Marketing Mind Spring Cleaning

Made to Stick bookThis week was spring cleaning for the marketing mind. In just three days I’ve attended a webinar on how to perfect your message, another on the steps to position your brand for success and I completed my second reading of Chip and Dan Heath’s brilliant marketing book, Made to Stick.

 

So what can I pass on to my fellow marketers after this whirlwind of learning? Three things.

 

1. Make it compact & core.

2. Prepare in Order to Save.

3. People are Irrational.

 

Make it Compact & Core

Whether it was Bev Bachel talking about finding your key points and cutting out superfluous words, or the Heath brothers driving home the importance of finding the “lead” in every story, it was abundantly clear brevity is best. But meaningless sound bites won’t win you fans. As Heath explains, you must make your message compact (short) and core (meaningful). It’s similar to what a proverb does – “A bird in the hand is worth two in the bush.”

 

Prepare in Order to Save.

In his webinar, Keys to Successful website (re)Design, Alan Wallner laid out the steps to building a strong brand. If all companies prepared for their web site redesign or new build by following  his process, hundreds of hours and thousands of dollars could be saved over the lifetime of the project. Although many of us know either by experience, or instinct that preparation leads to better results and cost/time savings, too many of us rush in when a project is upon us and find excuses as to why we don’t have the time, money or need for proper preparation.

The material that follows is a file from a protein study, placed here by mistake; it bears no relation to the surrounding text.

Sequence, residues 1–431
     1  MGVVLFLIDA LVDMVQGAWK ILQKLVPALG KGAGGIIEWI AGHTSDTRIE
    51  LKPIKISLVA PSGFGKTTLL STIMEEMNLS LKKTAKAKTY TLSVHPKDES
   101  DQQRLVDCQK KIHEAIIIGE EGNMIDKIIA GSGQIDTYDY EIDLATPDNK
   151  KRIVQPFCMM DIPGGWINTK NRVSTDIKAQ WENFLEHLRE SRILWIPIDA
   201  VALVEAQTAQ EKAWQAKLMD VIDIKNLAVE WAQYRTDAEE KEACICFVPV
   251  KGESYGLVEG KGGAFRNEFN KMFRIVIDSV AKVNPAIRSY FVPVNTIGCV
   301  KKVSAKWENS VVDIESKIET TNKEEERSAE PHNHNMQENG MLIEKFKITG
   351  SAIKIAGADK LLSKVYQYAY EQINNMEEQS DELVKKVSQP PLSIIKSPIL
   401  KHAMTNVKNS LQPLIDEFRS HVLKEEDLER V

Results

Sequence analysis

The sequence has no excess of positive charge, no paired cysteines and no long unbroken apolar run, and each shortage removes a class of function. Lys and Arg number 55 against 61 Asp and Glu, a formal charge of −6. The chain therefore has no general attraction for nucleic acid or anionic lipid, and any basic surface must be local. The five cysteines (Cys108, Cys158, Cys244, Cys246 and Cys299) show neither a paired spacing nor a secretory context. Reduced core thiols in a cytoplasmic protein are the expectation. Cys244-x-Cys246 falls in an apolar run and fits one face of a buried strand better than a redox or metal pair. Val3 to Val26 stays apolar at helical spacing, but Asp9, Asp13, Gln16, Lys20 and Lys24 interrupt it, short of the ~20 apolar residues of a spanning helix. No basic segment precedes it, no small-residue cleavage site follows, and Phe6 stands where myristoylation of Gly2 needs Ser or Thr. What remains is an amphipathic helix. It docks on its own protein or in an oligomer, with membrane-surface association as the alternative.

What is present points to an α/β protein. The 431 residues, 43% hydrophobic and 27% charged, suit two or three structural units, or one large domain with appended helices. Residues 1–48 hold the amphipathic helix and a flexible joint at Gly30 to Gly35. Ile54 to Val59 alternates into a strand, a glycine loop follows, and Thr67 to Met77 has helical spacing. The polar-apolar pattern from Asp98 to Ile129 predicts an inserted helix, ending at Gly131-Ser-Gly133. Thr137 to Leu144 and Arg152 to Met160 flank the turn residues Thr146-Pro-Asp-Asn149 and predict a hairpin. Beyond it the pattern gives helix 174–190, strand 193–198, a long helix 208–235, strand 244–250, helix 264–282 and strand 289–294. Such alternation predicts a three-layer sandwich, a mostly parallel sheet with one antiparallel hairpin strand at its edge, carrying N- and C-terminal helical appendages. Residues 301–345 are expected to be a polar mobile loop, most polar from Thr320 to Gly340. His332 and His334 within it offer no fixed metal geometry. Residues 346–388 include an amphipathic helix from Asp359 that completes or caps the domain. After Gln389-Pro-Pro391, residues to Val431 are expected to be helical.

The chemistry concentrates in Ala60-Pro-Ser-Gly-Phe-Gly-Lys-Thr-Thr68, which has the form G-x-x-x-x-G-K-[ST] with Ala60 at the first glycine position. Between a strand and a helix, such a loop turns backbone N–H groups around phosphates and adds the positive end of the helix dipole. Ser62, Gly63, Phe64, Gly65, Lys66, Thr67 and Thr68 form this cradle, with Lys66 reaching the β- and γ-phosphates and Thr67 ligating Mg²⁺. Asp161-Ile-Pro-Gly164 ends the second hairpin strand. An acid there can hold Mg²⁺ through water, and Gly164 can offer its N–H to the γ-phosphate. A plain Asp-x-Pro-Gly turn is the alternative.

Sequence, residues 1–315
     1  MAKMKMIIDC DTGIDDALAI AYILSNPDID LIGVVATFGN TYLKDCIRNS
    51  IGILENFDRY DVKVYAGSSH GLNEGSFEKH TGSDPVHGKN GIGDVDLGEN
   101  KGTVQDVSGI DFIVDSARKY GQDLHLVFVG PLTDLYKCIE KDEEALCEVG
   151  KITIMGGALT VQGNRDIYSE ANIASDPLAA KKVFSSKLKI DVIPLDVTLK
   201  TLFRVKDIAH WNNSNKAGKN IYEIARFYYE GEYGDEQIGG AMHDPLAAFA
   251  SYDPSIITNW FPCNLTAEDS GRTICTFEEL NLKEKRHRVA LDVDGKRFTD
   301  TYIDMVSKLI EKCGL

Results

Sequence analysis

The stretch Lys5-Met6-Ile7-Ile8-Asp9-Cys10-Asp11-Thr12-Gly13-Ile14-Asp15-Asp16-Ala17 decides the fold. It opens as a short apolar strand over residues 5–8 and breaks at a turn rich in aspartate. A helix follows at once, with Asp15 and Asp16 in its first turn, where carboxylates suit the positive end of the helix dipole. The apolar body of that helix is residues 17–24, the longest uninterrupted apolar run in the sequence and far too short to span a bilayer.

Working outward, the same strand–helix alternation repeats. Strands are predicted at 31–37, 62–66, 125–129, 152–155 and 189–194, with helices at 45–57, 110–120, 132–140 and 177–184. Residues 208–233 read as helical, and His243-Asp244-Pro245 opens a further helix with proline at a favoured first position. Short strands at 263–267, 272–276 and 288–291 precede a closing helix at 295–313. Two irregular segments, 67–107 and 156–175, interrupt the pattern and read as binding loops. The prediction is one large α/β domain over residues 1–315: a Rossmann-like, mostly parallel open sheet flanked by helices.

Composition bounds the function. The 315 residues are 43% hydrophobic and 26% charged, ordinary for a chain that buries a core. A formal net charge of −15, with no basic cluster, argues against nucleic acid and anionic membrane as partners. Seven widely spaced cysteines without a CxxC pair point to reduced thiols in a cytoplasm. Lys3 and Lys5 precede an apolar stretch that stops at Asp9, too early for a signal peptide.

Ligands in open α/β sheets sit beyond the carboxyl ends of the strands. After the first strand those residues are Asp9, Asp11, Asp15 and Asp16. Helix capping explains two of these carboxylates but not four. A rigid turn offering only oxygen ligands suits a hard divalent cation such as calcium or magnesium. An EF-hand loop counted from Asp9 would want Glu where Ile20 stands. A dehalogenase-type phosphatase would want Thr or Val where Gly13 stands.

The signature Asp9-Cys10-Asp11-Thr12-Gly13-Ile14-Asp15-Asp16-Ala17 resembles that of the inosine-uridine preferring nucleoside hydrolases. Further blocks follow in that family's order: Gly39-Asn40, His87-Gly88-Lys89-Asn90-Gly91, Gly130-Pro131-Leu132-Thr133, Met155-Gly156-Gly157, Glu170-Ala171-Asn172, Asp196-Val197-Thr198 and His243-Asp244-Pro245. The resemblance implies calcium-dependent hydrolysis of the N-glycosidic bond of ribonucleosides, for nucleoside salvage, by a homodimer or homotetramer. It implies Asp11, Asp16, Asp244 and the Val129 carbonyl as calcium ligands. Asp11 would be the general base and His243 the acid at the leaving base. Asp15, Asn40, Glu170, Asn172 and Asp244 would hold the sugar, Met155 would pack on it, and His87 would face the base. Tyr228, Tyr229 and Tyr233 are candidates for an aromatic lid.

People are Irrational.

One of my favorite stories of the week came from the book Made to Stick. Heath and Heath demonstrated how people can act irrationally when presented with too many choices. I’m going to summarize…

Researchers presented a group of students with this scenario, they had an opportunity to buy a cheap ticket to Hawaii before knowing the results of an important exam. The majority of the students chose to buy the ticket stating:

  • If I fail the exam, it’s a good pick-me-up.
  • If I pass the exam, it’s a good reward.

When a third option was presented, “pay $5 to hold the price until exam results,” a good percentage of the students chose option three. As Heath and Heath state, your reasons for buying before the third option was presented told us you would buy regardless if you passed the exam or not, but when you were given the option to wait, you decided pay $5 more? People are irrational.

 

What have you learned this week?

 

 

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About Karin Khuhro

Karin Khuhro is a Digital Marketing Strategist, Speaker and Copywriter. As the owner of Strategy E-ssentials she works with other savvy marketers, digital specialists and business leaders to bring knowledge, know-how and solutions to small and medium sized businesses. Connect with Karin on Google+ or Linkedin.